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Thread: "hooking" the south wall

  1. #1
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    Default "hooking" the south wall

    Hi all, sorry if this has been answered previously. Our team has designed a hook that drops over the south wall and keeps an attachment snugly against the wall as the robot pushes it forward. Is this legal? The hook drops after the mission is started but drops before the robot has left base completely. Would this satisfy the requirement to be entirely in base at the start of a mission? Thanks.
    Dave Hough

  2. #2
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    Default Re: "hooking" the south wall

    Dave,

    As long as the hook drops after the robot starts, and it is completely within Base (inside the wall) at the moment that the robot is started, then, yes, this type of hooking is fine.

    However, if you check the Food Factor field set-up instructions and the table assembly, you should note that the height of the side wall might vary from what your team expects. Almost all current tables are still built with 2x4s right now, but that might change.
    Steve Scherr
    FLL Referee and Judge
    VA-DC and Ohio

  3. #3
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    Default Re: "hooking" the south wall

    Quote Originally Posted by scherrsj View Post
    Dave,

    As long as the hook drops after the robot starts, and it is completely within Base (inside the wall) at the moment that the robot is started, then, yes, this type of hooking is fine.

    However, if you check the Food Factor field set-up instructions and the table assembly, you should note that the height of the side wall might vary from what your team expects. Almost all current tables are still built with 2x4s right now, but that might change.
    Is that interpretation consistent with Rule 16? It seems to me that such a hook would be an attachment.

    16 START/RESTART POSITION
    For the match start and all restarts, EVERY BIT of the robot, including its installed attachments & wires, everything
    touching it, and any objects it is about to move or use, must ALL fit COMPLETELY in Base.

    Consider also the diagram of the Start Positions. This seems to show that everything has to be totally inside base when the robot is set in motion. The south boundary of the base is the inside of the wall, not the top or outside.
    FTC Judge: 2010
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  4. #4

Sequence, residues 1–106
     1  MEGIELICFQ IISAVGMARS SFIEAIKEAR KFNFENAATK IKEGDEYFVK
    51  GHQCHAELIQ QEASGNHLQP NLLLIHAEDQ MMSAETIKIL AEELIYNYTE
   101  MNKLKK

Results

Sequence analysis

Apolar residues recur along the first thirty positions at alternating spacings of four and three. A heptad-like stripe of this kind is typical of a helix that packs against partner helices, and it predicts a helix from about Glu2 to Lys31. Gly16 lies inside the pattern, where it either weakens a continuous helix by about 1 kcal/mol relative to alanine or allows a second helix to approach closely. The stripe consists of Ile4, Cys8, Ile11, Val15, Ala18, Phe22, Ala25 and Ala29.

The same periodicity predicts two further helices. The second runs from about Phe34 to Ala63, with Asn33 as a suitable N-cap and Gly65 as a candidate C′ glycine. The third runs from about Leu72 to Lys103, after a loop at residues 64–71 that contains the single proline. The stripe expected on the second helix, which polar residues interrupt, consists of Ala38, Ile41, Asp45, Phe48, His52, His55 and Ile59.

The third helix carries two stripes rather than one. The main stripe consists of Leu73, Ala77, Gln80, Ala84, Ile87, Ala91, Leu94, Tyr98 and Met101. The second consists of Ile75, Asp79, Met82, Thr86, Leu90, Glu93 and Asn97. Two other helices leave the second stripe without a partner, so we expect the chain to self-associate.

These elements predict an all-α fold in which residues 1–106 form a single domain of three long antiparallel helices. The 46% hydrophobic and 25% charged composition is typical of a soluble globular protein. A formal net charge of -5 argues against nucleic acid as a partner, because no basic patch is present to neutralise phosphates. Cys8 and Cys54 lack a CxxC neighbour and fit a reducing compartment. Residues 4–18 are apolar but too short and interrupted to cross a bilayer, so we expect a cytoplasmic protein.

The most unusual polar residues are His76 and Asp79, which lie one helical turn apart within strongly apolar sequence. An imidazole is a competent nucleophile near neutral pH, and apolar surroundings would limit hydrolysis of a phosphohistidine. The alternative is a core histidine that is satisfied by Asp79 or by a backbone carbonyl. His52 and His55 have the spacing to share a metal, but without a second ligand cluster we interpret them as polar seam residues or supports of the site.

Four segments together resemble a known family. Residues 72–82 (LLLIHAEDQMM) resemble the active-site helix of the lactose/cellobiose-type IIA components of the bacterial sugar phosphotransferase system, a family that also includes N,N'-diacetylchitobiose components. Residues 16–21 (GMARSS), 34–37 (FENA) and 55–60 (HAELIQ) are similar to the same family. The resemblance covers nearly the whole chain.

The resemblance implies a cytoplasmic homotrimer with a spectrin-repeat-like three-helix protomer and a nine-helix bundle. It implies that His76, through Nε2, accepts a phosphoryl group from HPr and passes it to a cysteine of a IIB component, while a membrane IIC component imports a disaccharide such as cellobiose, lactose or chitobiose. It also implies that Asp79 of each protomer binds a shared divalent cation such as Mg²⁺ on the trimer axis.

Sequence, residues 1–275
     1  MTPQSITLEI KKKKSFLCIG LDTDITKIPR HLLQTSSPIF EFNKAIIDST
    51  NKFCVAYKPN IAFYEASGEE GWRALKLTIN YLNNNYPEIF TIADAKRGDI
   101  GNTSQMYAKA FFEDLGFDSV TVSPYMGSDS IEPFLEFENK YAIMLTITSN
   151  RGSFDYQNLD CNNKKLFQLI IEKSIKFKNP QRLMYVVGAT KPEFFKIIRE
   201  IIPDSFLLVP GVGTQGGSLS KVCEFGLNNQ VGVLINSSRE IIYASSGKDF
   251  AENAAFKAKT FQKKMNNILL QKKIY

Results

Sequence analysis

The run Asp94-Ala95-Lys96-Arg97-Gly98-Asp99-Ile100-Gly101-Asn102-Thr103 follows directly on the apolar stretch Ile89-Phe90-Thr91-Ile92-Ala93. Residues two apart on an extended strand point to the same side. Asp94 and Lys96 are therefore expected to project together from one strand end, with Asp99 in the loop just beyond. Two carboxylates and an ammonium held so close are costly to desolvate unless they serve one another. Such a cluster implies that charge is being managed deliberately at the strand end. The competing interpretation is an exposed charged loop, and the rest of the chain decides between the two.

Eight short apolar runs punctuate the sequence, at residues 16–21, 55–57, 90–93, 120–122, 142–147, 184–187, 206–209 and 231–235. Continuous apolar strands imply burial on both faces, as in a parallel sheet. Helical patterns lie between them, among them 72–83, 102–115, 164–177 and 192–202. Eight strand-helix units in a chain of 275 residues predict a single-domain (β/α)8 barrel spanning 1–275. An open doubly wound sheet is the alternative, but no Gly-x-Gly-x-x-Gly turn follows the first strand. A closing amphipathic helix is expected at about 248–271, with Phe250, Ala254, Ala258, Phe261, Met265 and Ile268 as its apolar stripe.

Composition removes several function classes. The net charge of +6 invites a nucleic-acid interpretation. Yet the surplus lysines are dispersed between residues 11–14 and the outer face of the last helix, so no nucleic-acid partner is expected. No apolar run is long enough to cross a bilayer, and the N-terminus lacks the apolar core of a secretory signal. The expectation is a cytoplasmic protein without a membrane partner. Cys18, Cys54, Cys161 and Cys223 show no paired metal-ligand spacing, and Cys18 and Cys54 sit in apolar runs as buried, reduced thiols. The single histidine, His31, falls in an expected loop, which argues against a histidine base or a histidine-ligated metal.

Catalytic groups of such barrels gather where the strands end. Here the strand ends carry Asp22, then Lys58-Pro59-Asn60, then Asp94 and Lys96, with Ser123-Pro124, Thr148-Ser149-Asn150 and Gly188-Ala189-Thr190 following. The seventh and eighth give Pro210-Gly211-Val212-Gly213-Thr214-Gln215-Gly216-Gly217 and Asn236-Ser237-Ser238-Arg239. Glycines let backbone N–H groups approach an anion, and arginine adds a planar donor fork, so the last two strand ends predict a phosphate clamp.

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    Default Re: "hooking" the south wall

    Read the question again. It is entirely in Base when the robot starts; the attachment lowers onto the wall after the robot is started.

  5. #5
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    Default Re: "hooking" the south wall

    Quote Originally Posted by Gary Voshol View Post
    Read the question again. It is entirely in Base when the robot starts; the attachment lowers onto the wall after the robot is started.
    Ah, I see. I wasn't sure what "the hook drops" meant. If it is inside the wall when the mission starts, then goes over the wall to provide guidance, that's pretty clever. Probably best for the team to discuss that with the ref before the match starts.
    Last edited by Tom Mosher; 04-29-2012 at 09:52 PM. Reason: Upon further review...
    FTC Judge: 2010
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  6. #6
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    Default Re: "hooking" the south wall

    Quote Originally Posted by Tom Mosher View Post
    Ah, I see. I wasn't sure what "the hook drops" meant. If it is inside the wall when the mission starts, then goes over the wall to provide guidance, that's pretty clever. Probably best for the team to discuss that with the ref before the match starts.
    I remember one year a team built a robot that ran along the top of the wall. At the start of the match it would flip itself up onto the ledge and than run the length of the table to complete a hard to reach mission at the other end.

  7. #7
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    Default Re: "hooking" the south wall

    The main thing would be to warn refs that like to stand right 'next' to the south wall, so the hook doesn't get hooked.

    But along with the reminder above on "2" x "4"s, note that dimensions and certainly smoothness and straightness will vary from table to table and event to event.

    We had good luck with competition tables with a "back up into wall to straighten" maneuver - but it failed miserably in Tech Judging due to some splinters or rough section in that certain spot. It rattled the team and got them nervous for the judges.

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